If you want the best Valentine’s Day ever, try this line: “I think we should see other people, perhaps in Brazil.”
Here’s my reasoning. In the past week, I’ve been cutting cords, sundering long-standing relationships and cleaning the deadwood out of my life. The first to go: daughter’s health club membership.
If you’ve ever tried to cancel a membership at a health club, you know it’s like trying to get out of East Germany by chewing a hole in the Berlin Wall. So, I steeled myself for some pushback, and called the gym.
“Hello, I have to cancel a membership.”
“Oh, no! I’m sorry to hear that. Why?”
You want to say, “Because I’m done! I’m perfect. My shirts don’t fit over my bulging pecs, my thighs look a boa ate a sack of kumquats and I can’t open a door without ripping it off its hinges. I have to take a break and detumesce or I’ll be so developed I can shuffle a deck of cards with my abs.”
This is none of their business, of course. It doesn’t matter why I’m quitting, but they have to find a hole in your argument so they prove you can’t cancel.
I had a good one, though: The person with the membership has moved to Brazil. That’s an absolute stumper. It shuts down any attempt to keep you on, because there’s nothing they can say.
That was easy. Next: canceling a streaming service. I made the mistake of going to the phone store, where they had set it up. Humans can start your service, but the power to end it has been removed from their hands. You can’t call the company, because like most modern big services, there’s no phone number.
“So this service,” I said, “which is owned by a phone company, has no phone number?”
They nodded. They were all millennials, so this made perfect sense to them. Who wants to talk to someone on the phone anyway? It’s much easier to chat with an avatar in a box on your screen. They helped me set up the connection. The conversation, such as it was, went like this:
“Hello. This is Brad I am happy to help you today. How may I help you today? I am Brad.”
“I’d like to cancel my service.”
“I am sorry to hear that, but I can certainly help you today as I am Brad.”
“Are you a computer program?”
“Ha ha; laughter that would totally sound convincing if you could hear me now. I am Brad. Why would you cancel?”
“The price went up and I don’t watch it and I am going to Brazil.”
“It can be seen in Brazil by means of a VPN, I could assist you to set that up. I am very Brad.”
“Are you sure you’re not a computer program?”
“I can adjust your price to our promotional rate.”
Dang; he had me. He was offering a deal. I’d forgotten the power that a cancellation threat gives the consumer: All of a sudden, the company rep turns into a used-car salesman, asking what it’ll take to get you into this gently driven Geo Metro.
For a moment, I teetered. It was an impressive offer: half off the thing I never use, but might, probably won’t, but could. No! Grow a spine. “I am going to the Amazon — the jungle, not the online market site,” I typed. “A jungle village. They only have dial-up.”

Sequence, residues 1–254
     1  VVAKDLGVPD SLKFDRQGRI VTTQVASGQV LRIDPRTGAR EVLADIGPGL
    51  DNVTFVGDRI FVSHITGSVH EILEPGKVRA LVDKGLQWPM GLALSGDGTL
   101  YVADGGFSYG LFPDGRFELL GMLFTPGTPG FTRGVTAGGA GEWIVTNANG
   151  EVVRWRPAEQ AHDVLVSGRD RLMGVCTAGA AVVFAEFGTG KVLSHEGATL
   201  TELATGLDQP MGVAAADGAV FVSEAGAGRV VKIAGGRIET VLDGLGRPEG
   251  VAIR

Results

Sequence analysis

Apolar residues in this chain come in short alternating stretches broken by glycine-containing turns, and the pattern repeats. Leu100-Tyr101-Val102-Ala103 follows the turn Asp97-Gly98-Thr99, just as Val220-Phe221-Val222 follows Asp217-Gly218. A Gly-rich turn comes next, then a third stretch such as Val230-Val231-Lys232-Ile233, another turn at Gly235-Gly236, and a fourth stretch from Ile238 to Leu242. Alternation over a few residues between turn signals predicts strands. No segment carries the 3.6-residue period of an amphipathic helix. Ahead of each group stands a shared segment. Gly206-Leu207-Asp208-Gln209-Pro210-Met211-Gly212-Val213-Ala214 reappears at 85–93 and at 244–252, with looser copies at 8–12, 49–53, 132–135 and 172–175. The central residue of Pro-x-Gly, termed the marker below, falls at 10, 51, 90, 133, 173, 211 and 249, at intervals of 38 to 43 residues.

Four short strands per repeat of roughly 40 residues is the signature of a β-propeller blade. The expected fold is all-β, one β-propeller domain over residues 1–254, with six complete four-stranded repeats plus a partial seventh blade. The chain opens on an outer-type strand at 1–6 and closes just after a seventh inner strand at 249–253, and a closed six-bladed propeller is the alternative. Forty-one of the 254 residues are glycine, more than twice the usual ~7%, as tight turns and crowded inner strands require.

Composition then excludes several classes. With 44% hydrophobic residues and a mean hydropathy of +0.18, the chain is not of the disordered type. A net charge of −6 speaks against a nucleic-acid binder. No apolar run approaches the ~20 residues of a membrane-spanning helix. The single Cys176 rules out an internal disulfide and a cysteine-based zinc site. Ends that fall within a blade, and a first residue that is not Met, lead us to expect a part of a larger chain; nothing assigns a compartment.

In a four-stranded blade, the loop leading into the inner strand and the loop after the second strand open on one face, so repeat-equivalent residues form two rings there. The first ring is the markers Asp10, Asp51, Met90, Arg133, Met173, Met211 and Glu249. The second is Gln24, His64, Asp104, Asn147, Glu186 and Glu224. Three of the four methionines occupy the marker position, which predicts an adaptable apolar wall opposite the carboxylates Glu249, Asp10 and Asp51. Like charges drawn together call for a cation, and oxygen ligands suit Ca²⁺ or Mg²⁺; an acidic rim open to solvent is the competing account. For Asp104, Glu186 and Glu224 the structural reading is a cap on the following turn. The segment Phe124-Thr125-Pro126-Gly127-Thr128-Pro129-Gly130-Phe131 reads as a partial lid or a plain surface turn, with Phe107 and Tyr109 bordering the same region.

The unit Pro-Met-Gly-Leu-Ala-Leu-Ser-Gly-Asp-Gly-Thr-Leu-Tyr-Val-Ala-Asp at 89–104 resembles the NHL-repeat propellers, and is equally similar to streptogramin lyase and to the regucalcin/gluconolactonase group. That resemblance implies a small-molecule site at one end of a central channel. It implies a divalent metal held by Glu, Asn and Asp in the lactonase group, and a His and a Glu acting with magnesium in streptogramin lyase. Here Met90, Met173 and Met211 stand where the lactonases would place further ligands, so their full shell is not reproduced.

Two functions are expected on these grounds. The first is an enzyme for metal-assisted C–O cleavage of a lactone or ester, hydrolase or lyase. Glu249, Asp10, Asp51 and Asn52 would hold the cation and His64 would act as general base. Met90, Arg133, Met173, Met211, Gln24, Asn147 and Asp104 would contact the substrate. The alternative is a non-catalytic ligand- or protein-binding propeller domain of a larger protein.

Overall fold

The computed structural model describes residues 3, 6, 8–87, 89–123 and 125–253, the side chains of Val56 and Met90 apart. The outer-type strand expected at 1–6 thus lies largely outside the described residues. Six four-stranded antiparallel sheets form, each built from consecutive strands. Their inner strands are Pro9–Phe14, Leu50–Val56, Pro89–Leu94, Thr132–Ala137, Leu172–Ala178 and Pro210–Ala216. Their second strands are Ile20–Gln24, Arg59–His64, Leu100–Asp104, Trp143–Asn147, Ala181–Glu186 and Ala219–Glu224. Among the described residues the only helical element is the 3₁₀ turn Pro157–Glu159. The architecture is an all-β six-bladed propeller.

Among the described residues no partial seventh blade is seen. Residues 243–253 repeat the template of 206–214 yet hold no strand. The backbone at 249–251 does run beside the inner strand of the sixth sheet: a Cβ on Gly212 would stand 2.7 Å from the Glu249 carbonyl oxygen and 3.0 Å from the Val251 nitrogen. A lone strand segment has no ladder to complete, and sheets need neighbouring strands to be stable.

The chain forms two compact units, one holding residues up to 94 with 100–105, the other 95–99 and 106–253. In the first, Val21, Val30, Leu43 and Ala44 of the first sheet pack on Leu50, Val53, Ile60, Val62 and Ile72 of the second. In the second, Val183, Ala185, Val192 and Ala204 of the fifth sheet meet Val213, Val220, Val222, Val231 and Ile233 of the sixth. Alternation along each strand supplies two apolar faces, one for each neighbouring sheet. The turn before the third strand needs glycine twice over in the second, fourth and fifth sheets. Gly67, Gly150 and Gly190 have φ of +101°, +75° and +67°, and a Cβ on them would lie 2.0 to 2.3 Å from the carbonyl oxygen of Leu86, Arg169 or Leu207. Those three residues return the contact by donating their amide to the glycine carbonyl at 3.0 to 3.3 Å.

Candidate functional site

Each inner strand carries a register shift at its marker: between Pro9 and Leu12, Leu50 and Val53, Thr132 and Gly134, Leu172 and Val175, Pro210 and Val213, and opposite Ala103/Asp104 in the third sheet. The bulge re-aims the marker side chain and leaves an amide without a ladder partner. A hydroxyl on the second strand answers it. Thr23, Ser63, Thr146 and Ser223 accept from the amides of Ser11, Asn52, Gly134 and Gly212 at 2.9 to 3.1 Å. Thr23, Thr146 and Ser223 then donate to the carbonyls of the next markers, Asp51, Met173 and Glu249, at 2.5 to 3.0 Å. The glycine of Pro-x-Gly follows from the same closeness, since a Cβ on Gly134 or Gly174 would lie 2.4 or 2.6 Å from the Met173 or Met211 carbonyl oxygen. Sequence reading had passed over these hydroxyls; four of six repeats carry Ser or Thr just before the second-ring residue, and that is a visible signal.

It worked! I was two for two. While I was on a hot streak, I decided to cancel our home’s landline. I called the phone company and told them I wanted out.
“Oh, no. May I ask why?”
“The phone doesn’t ring much anymore. Everyone has been trained to call cellphones. The answering machine occasionally blinks red, a forlorn beacon on a distant shore, telling us that someone thinks we still exist and would like us to prove we do by making a donation to their cause.
“OK. Before we cancel, let me look at your account and see what I can do.” Whereupon she ticked off all the services I could shed, and bring the bill down to $17 a month. For a moment, that actually sounded reasonable. Then she added:
“In addition to the base charge, there is a $4 charge for Caller ID, $3.95 for the Federal Access Fee, $2.66 for the Telecommunications Act of 1993 Temporary Fairness Surcharge, $6.23 for the Ancillary Voice-Assessment Adjunct Revenue Fund, $1.19 for the National Fax Machine Empowerment Act for Distressed Communities, and $2.19 for the Hazardous Waste Fax-Machine Disposal Superfund codicil amended to the National Fax Empowerment Act. Your total would be ... ”
“Cancel my phone.”
She made another offer that sliced the bill by 75 percent for four months, and I said I’d try it. I would lose some features, but who cared? I was going to Brazil.
Oh, right; that was a ruse.
Anyway, back to my original point: If threatening to cancel services and go to Brazil can get your bills reduced, saying, “I think we should see other people, perhaps in Brazil” might compel your romantic partner to go all out for Valentine’s Day!
Annnnd that’s probably the worst advice you’ll get this week, so forget I said it.
P.S: The day I decided not to cancel the phone, I got a call. It was from the phone company, telling me that I’d made changes to my service.
All of this left me exhausted. Maybe I should join a gym.